### Gravitational waves from a first order phase transition

David Weir - davidjamesweir

University of Helsinki

saoghal.net/slides/brda

Brda, 11 October 2019

### LISA: Early Universe Cosmology

Science Investigation 7.2: Measure, or set upper limits on, the spectral shape of the cosmological stochastic GW background.

Operational Requirement 7.2: Probe a broken power-law stochastic background from the early Universe as predicted, for example, by first order phase transitions ...

### Electroweak phase transition

• Process by which the Higgs 'switched on'
• In the Standard Model it is a crossover
• Possible in extensions that it would be first order
➥ colliding bubbles then make gravitational waves
• Can also be probed with experimental particle physics

### Thermal phase transitions

1. Bubbles nucleate and grow
2. Expand in a plasma - create reaction fronts
3. Bubbles + fronts collide - violent process
4. Sound waves left behind in plasma
5. Turbulence; damping

### Key parameters for GW production

• $T_*$, temperature
• $T_* \sim 100 \, \mathrm{GeV} \longrightarrow \mathrm{mHz}$ today
• $\alpha_{T_*}$, vacuum energy fraction
• $\alpha_{T_*} \ll 1$: 'weak'
• $\alpha_{T_*} \gtrsim 1$: 'strong'
• $v_\mathrm{w}$, bubble wall speed
• $\beta/H_*$, 'duration'
• $\beta$: inverse phase transition duration
• $H_*$: Hubble rate at transition

### How the wall moves

• In EWPT: equation of motion is (schematically)
$$\partial^2 \phi + V_\text{eff}'(\phi,T) + \sum_{i} \frac{d m_i^2}{d \phi} \int \frac{\mathrm{d}^3 k}{(2\pi)^3 \, 2 E_i} \delta f_i(\mathbf{k},\mathbf{x}) = 0$$
• $V_\text{eff}'(\phi)$: gradient of finite-$T$ effective potential
• $\delta f_i(\mathbf{k},\mathbf{x})$: deviation from equilibrium phase space density of $i$th species
• $m_i$: effective mass of $i$th species

### Force interpretation

$$\overbrace{\partial_\mu T^{\mu\nu}}^\text{Force on \phi} - \overbrace{\int \frac{d^3 k}{(2\pi)^3} f(\mathbf{k}) F^\nu }^\text{Force on particles}= 0$$

This equation is the realisation of this idea:

### Field-fluid system

Using a flow ansatz for the wall-plasma system:

$$\overbrace{\partial_\mu T^{\mu\nu}}^\text{Field part} - \overbrace{\int \frac{d^3 k}{(2\pi)^3} f(\mathbf{k}) F^\nu }^\text{Fluid part}= 0$$

i.e.:

$$\partial_\mu T^{\mu\nu}_\phi + \partial_\mu T^{\mu\nu}_\text{fluid} = 0$$

Can simulate as effective model of field $\phi$ + fluid $u^\mu$

astro-ph/9309059

### What sources GWs?

• Bubbles nucleate + expand, reaction fronts form, then:
1. $h^2 \Omega_\phi$: Bubbles + shocks collide - 'envelope phase'
2. $h^2 \Omega_\text{sw}$: Sound waves set up - 'acoustic phase'
3. $h^2 \Omega_\text{turb}$: [MHD] turbulence - 'turbulent phase'

• Sources add together to give observed GW power: $$h^2 \Omega_\text{GW} + h^2 \Omega_\text{sw} + h^2 \Omega_\text{turb}$$
• Bubbles nucleate + expand, reaction fronts form, then:
1. $h^2 \Omega_\phi$: Bubbles + shocks collide - 'envelope phase'
2. $h^2 \Omega_\text{sw}$: Sound waves set up - 'acoustic phase'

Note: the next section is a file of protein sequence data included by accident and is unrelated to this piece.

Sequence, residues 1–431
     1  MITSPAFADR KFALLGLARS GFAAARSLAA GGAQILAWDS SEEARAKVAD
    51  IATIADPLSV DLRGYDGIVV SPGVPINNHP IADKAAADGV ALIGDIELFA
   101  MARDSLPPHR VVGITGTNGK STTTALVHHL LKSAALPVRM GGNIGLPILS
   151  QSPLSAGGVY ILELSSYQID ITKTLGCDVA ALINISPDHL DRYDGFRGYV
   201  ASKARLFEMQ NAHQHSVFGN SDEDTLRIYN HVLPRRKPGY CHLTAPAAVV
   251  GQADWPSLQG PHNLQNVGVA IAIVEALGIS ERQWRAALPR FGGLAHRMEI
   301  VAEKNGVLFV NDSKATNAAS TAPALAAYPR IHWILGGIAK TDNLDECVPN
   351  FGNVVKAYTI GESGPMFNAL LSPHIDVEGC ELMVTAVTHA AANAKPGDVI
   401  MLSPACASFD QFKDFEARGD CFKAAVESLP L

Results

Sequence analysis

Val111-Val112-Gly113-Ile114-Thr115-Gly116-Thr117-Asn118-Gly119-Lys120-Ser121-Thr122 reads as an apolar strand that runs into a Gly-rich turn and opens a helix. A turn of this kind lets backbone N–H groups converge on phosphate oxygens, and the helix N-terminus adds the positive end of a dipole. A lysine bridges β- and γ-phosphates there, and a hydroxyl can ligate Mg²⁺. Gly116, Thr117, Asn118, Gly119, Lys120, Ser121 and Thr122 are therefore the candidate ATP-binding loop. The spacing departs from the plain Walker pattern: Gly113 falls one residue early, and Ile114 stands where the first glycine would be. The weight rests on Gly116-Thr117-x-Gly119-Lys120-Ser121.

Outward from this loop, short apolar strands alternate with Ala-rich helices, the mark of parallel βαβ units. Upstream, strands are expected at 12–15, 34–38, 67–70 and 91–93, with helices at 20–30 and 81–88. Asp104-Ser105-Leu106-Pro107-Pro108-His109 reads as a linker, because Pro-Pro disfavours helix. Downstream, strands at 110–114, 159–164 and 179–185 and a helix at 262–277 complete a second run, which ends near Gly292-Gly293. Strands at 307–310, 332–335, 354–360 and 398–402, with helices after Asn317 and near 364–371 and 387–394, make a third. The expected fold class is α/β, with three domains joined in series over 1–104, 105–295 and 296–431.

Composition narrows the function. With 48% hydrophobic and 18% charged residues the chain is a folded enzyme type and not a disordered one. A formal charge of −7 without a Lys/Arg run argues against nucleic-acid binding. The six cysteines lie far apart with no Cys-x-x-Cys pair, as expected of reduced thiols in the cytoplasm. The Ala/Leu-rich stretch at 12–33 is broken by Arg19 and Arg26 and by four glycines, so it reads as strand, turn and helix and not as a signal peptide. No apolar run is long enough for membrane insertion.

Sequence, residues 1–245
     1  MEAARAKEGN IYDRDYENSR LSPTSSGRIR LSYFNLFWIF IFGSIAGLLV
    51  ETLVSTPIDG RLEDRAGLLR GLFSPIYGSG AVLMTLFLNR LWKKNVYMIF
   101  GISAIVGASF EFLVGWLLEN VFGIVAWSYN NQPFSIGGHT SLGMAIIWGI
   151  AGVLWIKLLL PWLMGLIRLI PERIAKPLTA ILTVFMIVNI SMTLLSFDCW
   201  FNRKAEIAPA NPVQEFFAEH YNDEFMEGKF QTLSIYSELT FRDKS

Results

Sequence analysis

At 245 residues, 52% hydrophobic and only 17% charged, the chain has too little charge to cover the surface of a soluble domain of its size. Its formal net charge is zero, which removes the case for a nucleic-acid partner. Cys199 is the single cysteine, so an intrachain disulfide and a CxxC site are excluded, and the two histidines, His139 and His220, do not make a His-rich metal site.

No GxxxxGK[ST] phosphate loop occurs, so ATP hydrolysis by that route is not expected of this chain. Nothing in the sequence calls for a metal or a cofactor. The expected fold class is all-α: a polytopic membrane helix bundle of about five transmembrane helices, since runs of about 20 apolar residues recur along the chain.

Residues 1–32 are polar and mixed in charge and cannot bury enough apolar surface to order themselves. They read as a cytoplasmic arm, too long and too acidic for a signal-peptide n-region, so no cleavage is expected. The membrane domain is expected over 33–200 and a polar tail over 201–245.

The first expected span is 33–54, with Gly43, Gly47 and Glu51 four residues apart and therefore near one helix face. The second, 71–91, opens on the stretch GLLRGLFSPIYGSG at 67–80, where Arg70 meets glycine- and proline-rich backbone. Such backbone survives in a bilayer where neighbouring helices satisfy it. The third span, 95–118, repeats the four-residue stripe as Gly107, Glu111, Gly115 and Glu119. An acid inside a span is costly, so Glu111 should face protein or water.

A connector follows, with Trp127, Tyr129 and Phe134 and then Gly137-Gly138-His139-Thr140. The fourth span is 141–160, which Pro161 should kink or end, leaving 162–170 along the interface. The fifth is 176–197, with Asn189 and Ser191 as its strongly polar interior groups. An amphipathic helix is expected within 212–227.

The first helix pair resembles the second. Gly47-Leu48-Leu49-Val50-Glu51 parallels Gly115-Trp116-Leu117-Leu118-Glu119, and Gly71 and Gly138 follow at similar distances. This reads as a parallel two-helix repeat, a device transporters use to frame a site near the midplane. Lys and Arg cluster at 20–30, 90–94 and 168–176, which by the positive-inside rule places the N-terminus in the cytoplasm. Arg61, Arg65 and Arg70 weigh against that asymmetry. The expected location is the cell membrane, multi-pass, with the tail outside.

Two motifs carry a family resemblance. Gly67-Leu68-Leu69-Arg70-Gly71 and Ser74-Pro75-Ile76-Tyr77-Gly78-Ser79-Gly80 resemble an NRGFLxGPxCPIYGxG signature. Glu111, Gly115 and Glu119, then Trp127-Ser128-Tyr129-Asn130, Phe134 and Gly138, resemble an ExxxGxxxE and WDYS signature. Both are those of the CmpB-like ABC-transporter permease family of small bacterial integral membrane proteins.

3. $h^2 \Omega_\text{turb}$: [MHD] turbulence - 'turbulent phase'

• Sources add together to give observed GW power: $$h^2 \Omega_\text{GW} + h^2 \Omega_\text{sw} + h^2 \Omega_\text{turb}$$

### Why focus on sound waves?

• "Envelope phase" is short-lived, one-off
• Relevant only in exotic models where $\alpha_{T_*} \gg 1$ or vacuum transitions...
• ... but then dynamics aren't so simple arXiv:1802.05712
• "Turbulent phase" may never occur if Hubble damping happens on a shorter timescale
• Turbulence: bubble radius/average fluid velocity
• Hubble damping: Hubble time

➤ Focus on the hydrodynamics of the transition
and immediate aftermath.

## Weak transitions

### $\alpha_{T_*} \ll 1$

[with Mark Hindmarsh, Stephan Huber,
Kari Rummukainen + LISA CosWG]

### Velocity profile development: detonation vs deflagration

Deflagration $v_\mathrm{w} < c_\mathrm{s}$

### Simulation slice example

[$\alpha_{T_*} = 0.01$, $v_\mathrm{w} = 0.68$ (detonation)]

### Velocity power spectra

$v_\mathrm{w} < c_\mathrm{s}$

### GW power spectra

[curves scaled by $t$]

$v_\mathrm{w} < c_\mathrm{s}$

## Strong transitions

### $\alpha_{T_*} \sim 1$

arXiv:1906.00480

[with Daniel Cutting, Mark Hindmarsh]

### Fluid profile around the wall

Deflagration $v_\mathrm{w} < c_\mathrm{s}$

NB: Deflagration front ends at a shock ($\approx c_\mathrm{s}$)

[Movies: Cosmic Defects Channel]

Deflagration $v_\mathrm{w} < c_\mathrm{s}$

NB: Deflagration front ends at a shock ($\approx c_\mathrm{s}$)

[Movies: Cosmic Defects Channel]

### Strong simulation slice 1

[$\alpha_{T_*} = 0.5$, $v_\mathrm{w} = 0.92$ (detonation)], velocity $\mathbf{v}$

### Fluid profile around the wall

Deflagration $v_\mathrm{w} < c_\mathrm{s}$

NB: Deflagration front ends at a shock ($\approx c_\mathrm{s}$)

[Movies: Cosmic Defects Channel]

### Strong simulation slice 2

[$\alpha_{T_*} = 0.5$, $v_\mathrm{w} = 0.44$ (deflag.)], velocity $\mathbf{v}$

### Strong deflagrations: walls slow

At large $\alpha_{T_*}$ reheated droplets form in front of the walls

### Strong simulation slice 3

[$\alpha_{T_*} = 0.34$, $v_\mathrm{w} = 0.24$ (deflag.)], vorticity $\nabla \times \mathbf{v}$

### GW production can be suppressed

Suppression relative to LISA CosWG ansatz

### Conclusions

• Weak transitions: good estimates of power spectrum
ptplot.org
• Strong transitions still an emerging topic:
☛ acoustic gravitational wave production suppressed
• Causes: vortical mode production and slower walls
• Worst for large $\alpha_{T_*}$, small $v_\mathrm{w}$
• Turbulence still a challenge, work ongoing
• In any case: LISA provides a model-independent probe of first-order phase transitions around $100~\mathrm{GeV}$
☛ ... but new physics must be dynamical [Lauri's talk]

arXiv:1903.11604